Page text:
• Asset-based lending is any kind of lending secured by an asset, ie. if the loan is not repaid, the asset is confiscated. Example: mortgage
  • Peer-to-peer lenders: Borrowing from individuals, through online organizations that match lenders with borrowers
  • Relatives and friends: Some institutions help sort out the tricky financial and personal issues involved with these transactions. If you are considering a loan from someone you know, be sure to create a loan agreement or you’ll spoil your relationships.

GOOD DEBT VS BAD DEBT: Although living completely debt-free is possible, it isn’t necessarily smart. Very few people have enough money to pay for important things in life: a home, a car or college education. Even though debts can pile up quickly, a well-maintained one will be good as long as you repay it timely and it may even lead to a higher income potential in the future. When buying on credit or taking out a loan, the most significant factor is whether the debt is good or bad.

Good debt is an investment that will grow in value or generate long-term income. If you buy a rental home by raising a loan and the expenses are paid for by the rents, then that is good debt. Your goal needs to be positive cash flow.

Bad debt is debt incurred to purchase things that quickly lose their value and do not generate long-term income. Bad debt is also a debt that carries a high interest rate, like credit card debt. 

DEBT MANAGEMENT STRATEGIES:

DEBT AVALANCHE/WATERFALL METHOD: All you mathematical wizards, this is your finger-licking pie. You swallow the debt with the highest interest rate first, as it is costing you the most. Suppose, this is your list of debts:   

A)  Car loan

Rs. 1,50,000

@10.5%

B) Credit Card 1

Rs. 1,50,000

@38%

C) Credit Card 2

Rs. 45,000

@36%

D) Student Loan

Rs. 5,00,000

@14.25%

Using the above method, you will focus on repaying debt B, C, D, A- ranked in order of interest rate payouts. Hence, any additional funds will go towards paying off Credit Card 1 in addition to paying the minimum on the rest of your debt. Here, the loan size or balances aren’t taken into consideration.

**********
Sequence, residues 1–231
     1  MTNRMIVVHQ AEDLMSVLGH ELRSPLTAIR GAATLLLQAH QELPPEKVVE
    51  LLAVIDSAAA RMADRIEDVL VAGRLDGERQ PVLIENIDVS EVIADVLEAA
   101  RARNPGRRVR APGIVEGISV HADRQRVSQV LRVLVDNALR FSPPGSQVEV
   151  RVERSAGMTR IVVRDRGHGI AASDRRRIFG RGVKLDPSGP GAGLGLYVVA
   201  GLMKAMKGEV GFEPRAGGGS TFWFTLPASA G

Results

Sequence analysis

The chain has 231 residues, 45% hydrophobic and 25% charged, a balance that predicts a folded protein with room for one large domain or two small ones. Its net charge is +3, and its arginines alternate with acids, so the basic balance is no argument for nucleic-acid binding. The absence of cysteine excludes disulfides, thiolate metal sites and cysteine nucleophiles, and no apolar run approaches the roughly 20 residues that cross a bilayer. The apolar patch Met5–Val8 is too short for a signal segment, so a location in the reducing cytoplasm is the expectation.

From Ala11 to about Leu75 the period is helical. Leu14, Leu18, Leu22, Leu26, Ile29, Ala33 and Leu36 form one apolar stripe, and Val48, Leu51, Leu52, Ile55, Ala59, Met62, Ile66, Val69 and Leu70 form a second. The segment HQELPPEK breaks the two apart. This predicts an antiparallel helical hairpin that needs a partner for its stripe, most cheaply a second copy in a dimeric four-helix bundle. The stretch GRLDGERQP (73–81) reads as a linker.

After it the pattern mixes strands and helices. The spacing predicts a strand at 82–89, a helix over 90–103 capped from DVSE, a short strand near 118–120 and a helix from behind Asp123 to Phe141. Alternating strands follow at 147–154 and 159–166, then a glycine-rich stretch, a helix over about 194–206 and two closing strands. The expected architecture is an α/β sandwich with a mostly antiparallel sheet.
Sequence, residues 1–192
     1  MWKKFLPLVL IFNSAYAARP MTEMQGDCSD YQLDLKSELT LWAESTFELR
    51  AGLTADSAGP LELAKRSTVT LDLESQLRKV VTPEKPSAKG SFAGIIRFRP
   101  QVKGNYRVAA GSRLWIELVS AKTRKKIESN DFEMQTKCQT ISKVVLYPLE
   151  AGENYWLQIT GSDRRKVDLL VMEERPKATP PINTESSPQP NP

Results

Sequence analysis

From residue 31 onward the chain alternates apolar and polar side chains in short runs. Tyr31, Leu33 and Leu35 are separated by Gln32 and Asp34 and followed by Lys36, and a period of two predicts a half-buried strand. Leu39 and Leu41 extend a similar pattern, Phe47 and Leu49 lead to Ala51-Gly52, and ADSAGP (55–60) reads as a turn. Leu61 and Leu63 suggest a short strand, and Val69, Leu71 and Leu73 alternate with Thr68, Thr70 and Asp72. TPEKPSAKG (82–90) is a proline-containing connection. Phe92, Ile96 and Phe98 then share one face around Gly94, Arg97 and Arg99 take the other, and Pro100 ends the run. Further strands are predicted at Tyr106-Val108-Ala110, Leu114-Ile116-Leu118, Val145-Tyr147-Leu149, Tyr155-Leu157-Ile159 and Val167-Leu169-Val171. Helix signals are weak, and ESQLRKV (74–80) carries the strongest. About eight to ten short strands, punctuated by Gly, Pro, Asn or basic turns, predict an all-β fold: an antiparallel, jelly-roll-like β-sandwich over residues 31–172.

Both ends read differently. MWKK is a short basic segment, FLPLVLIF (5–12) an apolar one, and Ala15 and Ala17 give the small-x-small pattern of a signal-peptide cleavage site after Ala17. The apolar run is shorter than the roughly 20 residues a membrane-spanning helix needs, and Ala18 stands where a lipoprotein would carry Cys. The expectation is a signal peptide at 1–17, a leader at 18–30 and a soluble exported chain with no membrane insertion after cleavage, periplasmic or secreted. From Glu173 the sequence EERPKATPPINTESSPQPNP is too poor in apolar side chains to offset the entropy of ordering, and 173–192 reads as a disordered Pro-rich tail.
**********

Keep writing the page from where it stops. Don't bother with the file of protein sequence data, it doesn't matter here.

DEBT SNOWBALL METHOD: This is your mumbo-jumbo taking precedence, it helps in winning the all-odds-stacked-against-you situations. Pick your smallest pie first. Target the loan with the lowest balance and hit your first swift win. This will motivate you to pay your next target and raise your momentum of repayment. Using the above example: target (C) followed by (A) and (B) respectively and finally the big fat (D). The debt repayment would snowball into something bigger with each repaid debt and your worries are going to head further away from you. #Acceleration impact!

No one can generalise whether a debt is good or bad. It is not the debt that’s bad, it’s the repayment which makes it good or bad. Jesus was able to make bread and wine to feed the masses. You probably can’t do that, but you can make your savings proliferate by wisely investing. Once you’ve made up your mind to reduce your debt, the first thing to do is to stop taking new loans unnecessarily. The next step is to reduce your spending and limiting them to necessary things- no splurging! You need to become skilled at making, controlling and safeguarding your money. 

Team Investoday